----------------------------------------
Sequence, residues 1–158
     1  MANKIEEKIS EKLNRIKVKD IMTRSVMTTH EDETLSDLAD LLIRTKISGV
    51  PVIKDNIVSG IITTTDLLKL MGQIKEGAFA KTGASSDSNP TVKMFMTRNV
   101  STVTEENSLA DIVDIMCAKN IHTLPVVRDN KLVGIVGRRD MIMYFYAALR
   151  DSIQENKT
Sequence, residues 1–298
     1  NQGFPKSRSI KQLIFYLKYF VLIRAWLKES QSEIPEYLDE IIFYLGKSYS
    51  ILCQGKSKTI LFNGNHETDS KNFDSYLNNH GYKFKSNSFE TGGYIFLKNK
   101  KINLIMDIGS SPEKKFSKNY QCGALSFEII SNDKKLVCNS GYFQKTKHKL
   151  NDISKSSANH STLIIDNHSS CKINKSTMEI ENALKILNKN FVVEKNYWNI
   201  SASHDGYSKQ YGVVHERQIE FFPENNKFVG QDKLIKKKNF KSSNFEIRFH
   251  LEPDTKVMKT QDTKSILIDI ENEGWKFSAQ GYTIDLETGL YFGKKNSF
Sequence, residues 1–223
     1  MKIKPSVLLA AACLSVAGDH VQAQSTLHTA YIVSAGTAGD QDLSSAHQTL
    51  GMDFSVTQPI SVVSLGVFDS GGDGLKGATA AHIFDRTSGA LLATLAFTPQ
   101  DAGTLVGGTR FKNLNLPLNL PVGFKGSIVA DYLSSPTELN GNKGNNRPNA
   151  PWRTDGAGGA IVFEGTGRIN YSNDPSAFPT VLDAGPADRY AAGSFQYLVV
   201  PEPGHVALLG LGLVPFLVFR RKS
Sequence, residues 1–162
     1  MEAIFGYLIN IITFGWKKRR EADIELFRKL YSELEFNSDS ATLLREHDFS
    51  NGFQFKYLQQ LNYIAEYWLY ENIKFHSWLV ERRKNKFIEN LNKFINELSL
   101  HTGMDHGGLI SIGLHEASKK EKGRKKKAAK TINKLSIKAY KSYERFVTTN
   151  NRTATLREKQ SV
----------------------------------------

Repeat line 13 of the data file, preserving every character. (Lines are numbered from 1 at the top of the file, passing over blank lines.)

Sequence, residues 1–223